UAE: Parents ensure kids' vaccinations ahead of school reopening
Along with Covid-19 jabs, parents are making sure that children are vaccinated against other infectious diseases.
With schools starting on Sunday after a long summer break, most parents are making sure that their children are fully vaccinated.
They have taken eligible children for the Covid-19 jabs and many are ensuring that other vaccines for polio, tetanus, diphtheria and chickenpox have also been taken as per the recommended schedule.
Malaysian expat Adilatul said: “My 14-year-old daughter has finished both her doses of the Pfizer vaccine ahead of school reopening. The country’s robust vaccination drive has instilled a lot of confidence in us and now I am ready to send her to school. There has been a surge in vaccinations and as more children receive the Covid-19 inoculation we are hopeful the spread of the virus would be curtailed to a great extent. Besides, schools have provided a comprehensive roadmap for a sensible and safe return for students.”
Amatullah Arsiwala, an Indian expat and student at Al Diyafah High School, said: “I am excited to go back to school, to see my friends, teachers and most importantly feel the joy of being back in my classroom. I am 12 and my parents got me vaccinated before school reopening. Additionally, I will follow all safety guidelines as mentioned by my parents, the school and the government.”
Children get jabbed for measles, mumps, rubella, chickenpox
Meanwhile, parents are once again updating their children’s health card for other diseases that many seem to have forgotten. They are rushing to clinics to vaccinate their children against other infectious diseases.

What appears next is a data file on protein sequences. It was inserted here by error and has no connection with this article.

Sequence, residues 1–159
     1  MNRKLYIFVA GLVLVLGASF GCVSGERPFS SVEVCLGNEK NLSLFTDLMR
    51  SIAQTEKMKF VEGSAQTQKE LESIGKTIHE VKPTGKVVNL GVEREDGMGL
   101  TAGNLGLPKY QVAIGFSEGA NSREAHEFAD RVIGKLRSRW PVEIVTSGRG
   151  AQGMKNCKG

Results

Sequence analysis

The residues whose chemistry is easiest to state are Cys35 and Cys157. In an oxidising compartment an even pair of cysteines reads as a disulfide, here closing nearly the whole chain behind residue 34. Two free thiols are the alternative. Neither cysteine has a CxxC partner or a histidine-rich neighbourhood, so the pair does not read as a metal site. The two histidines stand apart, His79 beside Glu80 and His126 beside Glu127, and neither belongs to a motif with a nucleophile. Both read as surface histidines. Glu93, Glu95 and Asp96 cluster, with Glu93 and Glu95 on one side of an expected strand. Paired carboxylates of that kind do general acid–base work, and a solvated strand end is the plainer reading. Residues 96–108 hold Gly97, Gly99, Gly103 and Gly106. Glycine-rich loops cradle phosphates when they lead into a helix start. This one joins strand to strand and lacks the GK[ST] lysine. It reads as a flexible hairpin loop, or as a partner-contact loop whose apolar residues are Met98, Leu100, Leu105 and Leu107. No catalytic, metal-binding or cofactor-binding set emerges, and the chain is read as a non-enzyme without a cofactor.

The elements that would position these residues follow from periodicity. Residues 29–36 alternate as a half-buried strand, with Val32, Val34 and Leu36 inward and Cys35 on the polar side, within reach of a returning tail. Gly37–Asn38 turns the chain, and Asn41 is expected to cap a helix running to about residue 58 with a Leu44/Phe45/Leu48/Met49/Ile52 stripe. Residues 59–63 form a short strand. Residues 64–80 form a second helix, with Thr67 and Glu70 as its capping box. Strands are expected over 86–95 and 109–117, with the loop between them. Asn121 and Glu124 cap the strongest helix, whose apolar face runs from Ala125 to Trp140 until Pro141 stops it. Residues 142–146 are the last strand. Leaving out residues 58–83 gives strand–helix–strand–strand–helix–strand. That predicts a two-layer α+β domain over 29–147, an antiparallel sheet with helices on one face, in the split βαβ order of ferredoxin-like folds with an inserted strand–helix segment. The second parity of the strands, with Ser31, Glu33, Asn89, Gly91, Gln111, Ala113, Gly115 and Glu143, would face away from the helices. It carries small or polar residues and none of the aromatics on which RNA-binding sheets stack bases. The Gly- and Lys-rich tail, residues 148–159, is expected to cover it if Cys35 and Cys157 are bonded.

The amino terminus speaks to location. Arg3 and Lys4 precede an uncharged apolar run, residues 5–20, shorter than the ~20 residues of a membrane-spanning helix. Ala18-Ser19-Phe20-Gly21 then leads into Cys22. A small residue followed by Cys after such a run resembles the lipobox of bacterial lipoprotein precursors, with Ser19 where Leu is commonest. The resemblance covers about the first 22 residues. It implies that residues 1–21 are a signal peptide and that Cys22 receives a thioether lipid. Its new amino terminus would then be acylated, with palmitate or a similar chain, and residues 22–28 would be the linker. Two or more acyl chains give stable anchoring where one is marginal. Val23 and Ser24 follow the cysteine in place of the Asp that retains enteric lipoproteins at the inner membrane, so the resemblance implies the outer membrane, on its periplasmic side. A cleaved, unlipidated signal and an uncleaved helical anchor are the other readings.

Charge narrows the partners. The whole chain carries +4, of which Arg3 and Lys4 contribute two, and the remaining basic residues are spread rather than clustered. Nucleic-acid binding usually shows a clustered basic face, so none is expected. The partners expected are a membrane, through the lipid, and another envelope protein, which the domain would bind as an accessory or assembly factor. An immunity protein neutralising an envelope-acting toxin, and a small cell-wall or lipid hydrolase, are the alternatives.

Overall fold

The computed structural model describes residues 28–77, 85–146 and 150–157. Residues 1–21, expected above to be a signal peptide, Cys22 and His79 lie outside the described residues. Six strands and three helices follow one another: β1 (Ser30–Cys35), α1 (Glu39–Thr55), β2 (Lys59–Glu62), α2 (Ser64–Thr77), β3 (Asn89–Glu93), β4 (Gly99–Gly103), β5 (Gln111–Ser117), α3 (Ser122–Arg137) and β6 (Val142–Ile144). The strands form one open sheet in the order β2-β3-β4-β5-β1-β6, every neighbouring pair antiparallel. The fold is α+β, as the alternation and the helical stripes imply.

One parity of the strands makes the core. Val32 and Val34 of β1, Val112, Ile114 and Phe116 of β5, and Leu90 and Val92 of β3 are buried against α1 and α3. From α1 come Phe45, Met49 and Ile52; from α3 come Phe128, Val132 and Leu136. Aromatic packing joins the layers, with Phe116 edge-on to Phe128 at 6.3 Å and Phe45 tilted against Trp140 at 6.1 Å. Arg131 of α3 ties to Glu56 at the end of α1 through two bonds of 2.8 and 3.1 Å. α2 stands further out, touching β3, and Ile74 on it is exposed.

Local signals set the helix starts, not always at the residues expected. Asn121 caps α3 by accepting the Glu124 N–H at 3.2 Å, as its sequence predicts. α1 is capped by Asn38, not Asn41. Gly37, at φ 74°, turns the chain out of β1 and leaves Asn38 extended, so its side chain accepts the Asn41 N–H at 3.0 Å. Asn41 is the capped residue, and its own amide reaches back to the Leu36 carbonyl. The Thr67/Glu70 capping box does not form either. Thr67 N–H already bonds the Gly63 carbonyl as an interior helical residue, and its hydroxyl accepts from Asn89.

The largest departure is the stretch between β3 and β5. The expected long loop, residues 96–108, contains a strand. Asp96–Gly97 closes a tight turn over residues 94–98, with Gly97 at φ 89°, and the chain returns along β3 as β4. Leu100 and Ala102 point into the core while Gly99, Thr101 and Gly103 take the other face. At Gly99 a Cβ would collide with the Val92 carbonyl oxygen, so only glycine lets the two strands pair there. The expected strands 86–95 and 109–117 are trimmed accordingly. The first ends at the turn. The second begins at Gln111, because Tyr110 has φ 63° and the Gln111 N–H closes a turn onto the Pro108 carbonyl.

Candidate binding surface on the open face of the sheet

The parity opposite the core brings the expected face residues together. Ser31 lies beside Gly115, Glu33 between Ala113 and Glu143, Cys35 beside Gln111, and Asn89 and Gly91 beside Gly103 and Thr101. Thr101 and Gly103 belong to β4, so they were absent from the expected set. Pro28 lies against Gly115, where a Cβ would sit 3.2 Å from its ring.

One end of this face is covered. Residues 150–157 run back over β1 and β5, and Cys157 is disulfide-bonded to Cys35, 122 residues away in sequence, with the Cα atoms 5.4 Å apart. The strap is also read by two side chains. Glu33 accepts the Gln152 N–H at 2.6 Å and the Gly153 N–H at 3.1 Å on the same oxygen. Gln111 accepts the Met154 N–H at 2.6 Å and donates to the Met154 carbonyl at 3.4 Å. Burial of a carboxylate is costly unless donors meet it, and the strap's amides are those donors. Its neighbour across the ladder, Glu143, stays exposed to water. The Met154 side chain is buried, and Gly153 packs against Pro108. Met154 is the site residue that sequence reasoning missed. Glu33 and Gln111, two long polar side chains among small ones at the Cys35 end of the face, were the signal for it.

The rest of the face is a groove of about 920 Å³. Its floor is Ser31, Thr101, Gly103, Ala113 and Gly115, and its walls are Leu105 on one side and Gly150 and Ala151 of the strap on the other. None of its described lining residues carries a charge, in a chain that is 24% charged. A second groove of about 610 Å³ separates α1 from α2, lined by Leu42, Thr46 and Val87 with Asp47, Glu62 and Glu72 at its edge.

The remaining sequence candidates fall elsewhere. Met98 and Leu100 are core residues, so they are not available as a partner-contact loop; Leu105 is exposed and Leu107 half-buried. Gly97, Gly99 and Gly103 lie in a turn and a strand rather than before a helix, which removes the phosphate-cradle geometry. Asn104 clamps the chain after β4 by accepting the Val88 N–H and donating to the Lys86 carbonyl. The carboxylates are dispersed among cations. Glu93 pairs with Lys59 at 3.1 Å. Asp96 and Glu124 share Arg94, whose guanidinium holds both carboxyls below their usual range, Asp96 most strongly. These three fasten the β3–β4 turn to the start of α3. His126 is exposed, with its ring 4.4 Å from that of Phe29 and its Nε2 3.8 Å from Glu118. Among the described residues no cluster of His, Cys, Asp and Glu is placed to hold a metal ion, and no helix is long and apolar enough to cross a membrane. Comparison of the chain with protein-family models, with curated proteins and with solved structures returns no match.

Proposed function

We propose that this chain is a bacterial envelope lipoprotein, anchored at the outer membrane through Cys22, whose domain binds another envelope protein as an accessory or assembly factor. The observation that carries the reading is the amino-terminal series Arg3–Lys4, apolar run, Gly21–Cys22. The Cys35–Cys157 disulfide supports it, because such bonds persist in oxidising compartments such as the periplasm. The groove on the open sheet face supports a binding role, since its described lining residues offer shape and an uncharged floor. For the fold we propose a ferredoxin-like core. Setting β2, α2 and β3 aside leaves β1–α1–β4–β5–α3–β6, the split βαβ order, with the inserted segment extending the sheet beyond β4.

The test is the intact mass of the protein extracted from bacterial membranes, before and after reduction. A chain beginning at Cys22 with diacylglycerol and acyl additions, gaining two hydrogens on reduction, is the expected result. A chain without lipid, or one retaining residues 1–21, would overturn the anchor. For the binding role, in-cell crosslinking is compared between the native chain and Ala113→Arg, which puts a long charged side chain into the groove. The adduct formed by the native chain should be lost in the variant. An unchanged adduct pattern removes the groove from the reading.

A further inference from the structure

Arijit Nandi, parent of a Year 1 student said: “With so much of talk surrounding Covid-19, we are somehow forgetting other important jabs. My wife reminded me about our son’s immunisation schedule. On Saturday, we took him for his measles, mumps, rubella and chickenpox shots before schools reopened. Those are equally important vaccines that we must not forget.”
Following the outbreak of Covid-19, many countries had also reported a decline in other childhood immunisation rates.
But now with more takers for in-person education in the new academic year/term, parents aim to protect their children from other vaccine-preventable diseases that have been prevalent for long.
Dubai resident Sai Bhagwat noted: “As soon as my son turned five, I took him to the health centre so that we are on the top of his immunisation schedule. Schools are also a place from which children can contract a lot of other viruses, not just Covid. Children tend to get excited. Besides, they share sports and craft equipment, although now it’s much less due to the pandemic. However, we must make sure that our kids do not remain under-immunised. Later in September, I will also go for my son’s flu shot as I do every year.”
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